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America is highly polarized now, and that has contributed to conflict between governmental entities. A major example of this is the “sanctuary cities” movement that seeks to avoid enforcement of federal immigration law. A number of the conflicts involve environmental protection as well.

Some Arizona legislators have sought to prevent some of those conflicts by enacting laws prohibiting cities from passing certain restrictions. Two bills have emerged this year with an intent of blocking cities from banning natural gas hookups, meaning new homes and buildings would have to be all-electric. The bills are sponsored by Senate President Karen Fann and House Speaker Rusty Bowers, meaning they have a strong chance of passage.

No city has yet passed such a ban. However, Phoenix and Tucson are listed among the opponents of the bills. Democrats voted against them in committee. Meanwhile, homebuilders and gas utilities are supportive. The powerful Arizona League of Cities and Towns, which usually opposes limits on cities, has not weighed in. Some cities themselves operate utilities. Also, the affordability issue is important to advocates for low-income people.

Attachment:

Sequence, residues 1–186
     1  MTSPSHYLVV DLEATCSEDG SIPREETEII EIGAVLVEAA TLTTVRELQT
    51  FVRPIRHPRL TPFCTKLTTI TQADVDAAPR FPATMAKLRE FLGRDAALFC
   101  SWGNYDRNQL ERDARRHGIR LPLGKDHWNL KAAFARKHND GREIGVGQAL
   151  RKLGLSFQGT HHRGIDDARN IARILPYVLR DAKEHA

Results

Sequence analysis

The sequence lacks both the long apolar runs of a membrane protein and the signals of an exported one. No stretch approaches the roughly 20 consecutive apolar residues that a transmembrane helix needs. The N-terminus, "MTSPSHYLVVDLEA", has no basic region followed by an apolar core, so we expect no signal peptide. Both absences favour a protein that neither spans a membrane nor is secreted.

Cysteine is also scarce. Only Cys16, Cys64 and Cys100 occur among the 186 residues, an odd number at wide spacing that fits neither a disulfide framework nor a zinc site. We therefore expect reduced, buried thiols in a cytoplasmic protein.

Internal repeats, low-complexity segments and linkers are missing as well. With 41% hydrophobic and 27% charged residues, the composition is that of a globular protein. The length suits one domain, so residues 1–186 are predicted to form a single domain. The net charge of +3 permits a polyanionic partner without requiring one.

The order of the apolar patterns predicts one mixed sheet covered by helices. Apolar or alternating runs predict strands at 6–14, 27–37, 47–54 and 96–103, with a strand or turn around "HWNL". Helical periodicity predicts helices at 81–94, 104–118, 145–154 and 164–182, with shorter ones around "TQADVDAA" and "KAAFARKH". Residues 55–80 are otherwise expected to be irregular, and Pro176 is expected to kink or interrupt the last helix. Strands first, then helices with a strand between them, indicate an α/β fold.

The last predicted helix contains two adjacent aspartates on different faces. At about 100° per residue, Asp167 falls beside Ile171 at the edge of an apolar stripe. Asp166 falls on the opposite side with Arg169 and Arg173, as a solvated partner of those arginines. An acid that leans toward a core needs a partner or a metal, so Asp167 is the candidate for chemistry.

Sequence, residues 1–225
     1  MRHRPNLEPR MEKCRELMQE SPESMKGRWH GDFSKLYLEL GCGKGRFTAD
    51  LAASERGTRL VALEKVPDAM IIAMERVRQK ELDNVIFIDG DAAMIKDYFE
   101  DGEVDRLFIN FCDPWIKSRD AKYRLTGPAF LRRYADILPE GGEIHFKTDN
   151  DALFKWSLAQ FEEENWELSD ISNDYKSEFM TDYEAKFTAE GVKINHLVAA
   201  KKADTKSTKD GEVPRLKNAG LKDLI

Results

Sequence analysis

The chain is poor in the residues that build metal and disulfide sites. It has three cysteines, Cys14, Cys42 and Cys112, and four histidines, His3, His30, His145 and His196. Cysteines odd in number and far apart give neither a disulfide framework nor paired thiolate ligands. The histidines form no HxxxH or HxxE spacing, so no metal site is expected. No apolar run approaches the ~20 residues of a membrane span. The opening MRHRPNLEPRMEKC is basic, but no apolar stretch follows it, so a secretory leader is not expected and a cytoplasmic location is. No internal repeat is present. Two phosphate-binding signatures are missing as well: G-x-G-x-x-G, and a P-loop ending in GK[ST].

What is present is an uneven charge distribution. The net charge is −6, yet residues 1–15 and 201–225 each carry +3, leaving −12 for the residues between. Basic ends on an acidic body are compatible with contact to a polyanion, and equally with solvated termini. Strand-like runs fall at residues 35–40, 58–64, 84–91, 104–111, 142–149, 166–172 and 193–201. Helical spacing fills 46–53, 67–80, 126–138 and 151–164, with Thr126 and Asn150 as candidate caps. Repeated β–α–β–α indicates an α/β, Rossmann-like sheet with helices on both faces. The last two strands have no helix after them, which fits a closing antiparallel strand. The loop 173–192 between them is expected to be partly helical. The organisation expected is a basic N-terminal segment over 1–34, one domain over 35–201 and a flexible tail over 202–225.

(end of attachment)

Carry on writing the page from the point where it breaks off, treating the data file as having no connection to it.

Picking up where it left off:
Such a ban on natural gas likely would force residents to pay more for energy, since gas is seen as more efficient for some needs. And use of only electricity would not necessarily mean a lower impact on the environment, since electric power is generated by various means.

Arizona continues to attract new residents, and many of them are from California. The middle class is fleeing the Golden State because of a high cost of living and some left-leaning political changes there. Some Arizonans fear that “California ideas” will come with new residents, but that remains to be seen.

Affordability still is a major issue for most Arizonans. Banning natural gas hookups here would be a mistake that would have a negative impact that many people would not like. The Legislature would be wise to provide protection in this area.

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